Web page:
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    Customer satisfaction: contrasting academic and consumers’ interpretations

    Parker, Cathy and Mathews, Brian P. (2001) Customer satisfaction: contrasting academic and consumers’ interpretations. Marketing intelligence & planning, 19 (1). pp. 38-44. ISSN 0263-4503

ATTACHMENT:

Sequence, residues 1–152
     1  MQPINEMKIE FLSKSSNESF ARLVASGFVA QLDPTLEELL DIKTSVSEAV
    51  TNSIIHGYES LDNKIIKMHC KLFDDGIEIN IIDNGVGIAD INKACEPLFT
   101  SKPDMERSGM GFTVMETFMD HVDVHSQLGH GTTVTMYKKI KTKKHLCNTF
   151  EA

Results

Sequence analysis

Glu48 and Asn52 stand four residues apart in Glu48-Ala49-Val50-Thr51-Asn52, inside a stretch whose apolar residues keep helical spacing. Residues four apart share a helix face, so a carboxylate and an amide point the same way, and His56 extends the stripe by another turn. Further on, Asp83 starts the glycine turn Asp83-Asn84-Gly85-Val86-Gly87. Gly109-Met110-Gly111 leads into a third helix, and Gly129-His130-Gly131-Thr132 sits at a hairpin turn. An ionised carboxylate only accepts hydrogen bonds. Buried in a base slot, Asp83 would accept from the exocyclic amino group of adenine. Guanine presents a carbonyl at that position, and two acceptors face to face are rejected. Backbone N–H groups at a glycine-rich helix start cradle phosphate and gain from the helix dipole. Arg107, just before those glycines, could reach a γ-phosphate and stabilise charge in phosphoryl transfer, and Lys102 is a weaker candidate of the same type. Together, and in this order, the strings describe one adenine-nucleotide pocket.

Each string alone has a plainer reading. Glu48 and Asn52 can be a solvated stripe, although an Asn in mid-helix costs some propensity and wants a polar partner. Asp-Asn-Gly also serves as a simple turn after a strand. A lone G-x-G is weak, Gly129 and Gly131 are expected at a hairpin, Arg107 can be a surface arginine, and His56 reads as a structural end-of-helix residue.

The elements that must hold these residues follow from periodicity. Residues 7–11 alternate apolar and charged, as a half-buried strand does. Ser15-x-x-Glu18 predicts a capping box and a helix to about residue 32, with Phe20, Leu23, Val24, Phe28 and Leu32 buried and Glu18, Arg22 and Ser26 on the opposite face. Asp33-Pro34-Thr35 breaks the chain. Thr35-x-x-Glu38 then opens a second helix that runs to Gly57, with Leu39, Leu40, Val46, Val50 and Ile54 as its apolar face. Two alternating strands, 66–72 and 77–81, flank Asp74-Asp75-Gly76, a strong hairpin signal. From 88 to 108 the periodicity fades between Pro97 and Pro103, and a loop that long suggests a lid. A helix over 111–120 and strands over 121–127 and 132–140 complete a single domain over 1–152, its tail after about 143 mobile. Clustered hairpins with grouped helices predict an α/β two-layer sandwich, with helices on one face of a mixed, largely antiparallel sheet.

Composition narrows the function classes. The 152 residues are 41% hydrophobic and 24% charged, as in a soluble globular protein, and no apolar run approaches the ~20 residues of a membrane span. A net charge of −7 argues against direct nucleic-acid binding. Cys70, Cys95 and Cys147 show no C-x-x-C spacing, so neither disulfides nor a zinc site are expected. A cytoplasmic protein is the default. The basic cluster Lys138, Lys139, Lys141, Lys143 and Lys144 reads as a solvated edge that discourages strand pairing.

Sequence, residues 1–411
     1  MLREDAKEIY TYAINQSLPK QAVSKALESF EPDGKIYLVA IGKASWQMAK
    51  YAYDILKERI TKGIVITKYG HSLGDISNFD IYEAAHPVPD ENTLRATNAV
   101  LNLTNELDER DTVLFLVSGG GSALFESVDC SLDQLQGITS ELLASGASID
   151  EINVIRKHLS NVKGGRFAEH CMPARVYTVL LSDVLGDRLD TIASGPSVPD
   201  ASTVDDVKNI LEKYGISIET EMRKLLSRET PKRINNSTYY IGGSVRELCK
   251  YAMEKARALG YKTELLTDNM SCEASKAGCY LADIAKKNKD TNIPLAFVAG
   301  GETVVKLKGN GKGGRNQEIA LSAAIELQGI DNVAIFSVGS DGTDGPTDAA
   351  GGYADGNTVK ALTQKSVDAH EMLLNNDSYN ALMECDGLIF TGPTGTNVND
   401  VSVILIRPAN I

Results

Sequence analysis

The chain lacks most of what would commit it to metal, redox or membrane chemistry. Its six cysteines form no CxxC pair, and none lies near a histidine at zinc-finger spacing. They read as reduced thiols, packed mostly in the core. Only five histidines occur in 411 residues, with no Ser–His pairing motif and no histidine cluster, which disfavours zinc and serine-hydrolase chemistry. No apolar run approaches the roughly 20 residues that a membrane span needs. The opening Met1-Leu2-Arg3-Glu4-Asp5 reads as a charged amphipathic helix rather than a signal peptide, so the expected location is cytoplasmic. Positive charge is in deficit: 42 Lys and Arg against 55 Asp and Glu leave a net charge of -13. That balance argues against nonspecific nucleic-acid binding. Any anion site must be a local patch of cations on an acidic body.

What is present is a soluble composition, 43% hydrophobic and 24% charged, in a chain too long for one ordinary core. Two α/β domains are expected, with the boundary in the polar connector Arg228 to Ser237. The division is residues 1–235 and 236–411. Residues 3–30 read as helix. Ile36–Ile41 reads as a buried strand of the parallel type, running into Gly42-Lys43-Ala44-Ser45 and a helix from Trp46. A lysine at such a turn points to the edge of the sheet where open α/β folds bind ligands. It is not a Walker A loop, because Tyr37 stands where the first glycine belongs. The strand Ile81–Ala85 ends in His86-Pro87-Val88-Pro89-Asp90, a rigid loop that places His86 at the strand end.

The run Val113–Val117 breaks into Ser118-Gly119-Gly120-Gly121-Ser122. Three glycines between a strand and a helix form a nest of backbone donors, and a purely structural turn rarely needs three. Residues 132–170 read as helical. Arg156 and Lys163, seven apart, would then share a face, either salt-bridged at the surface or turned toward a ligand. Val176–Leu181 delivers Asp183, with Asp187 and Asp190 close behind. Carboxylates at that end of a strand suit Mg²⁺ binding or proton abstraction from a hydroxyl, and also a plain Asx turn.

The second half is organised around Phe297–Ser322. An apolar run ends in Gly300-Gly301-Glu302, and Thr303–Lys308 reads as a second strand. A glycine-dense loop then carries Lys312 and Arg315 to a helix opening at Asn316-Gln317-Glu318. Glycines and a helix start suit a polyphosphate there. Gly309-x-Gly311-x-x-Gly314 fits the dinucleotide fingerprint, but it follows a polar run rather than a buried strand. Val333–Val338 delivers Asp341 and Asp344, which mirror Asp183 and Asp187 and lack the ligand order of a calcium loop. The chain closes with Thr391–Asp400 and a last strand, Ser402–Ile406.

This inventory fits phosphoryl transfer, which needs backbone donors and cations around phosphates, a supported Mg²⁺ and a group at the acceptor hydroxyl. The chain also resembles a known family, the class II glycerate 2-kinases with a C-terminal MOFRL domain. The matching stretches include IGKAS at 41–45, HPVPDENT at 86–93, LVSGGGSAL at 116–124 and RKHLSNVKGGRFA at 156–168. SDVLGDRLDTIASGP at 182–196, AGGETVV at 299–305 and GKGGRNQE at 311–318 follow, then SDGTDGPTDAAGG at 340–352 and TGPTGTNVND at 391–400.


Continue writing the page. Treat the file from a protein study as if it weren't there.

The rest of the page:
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    The term satisfaction is a very important concept in marketing and is central to many definitions. This paper seeks to examine what this term means to the public at large. It explores the various definitions of satisfaction within the literature. The empirical results derive from individuals’ own interpretation and definition of the term satisfaction, as well as evaluation of their definitions. Finds that most people cited several definitions of satisfaction, illustrating that it is a multifaceted concept. The most common interpretations reflect the notion that satisfaction is a feeling which results from a process of evaluating what was received against that expected, the purchase decision itself and/or the fulfilment of needs/wants. It also finds that the particular interpretation is affected by contextual issues, such as whether it is a product or service under consideration. Implications for consumer satisfaction measurement and interpretation are discussed.

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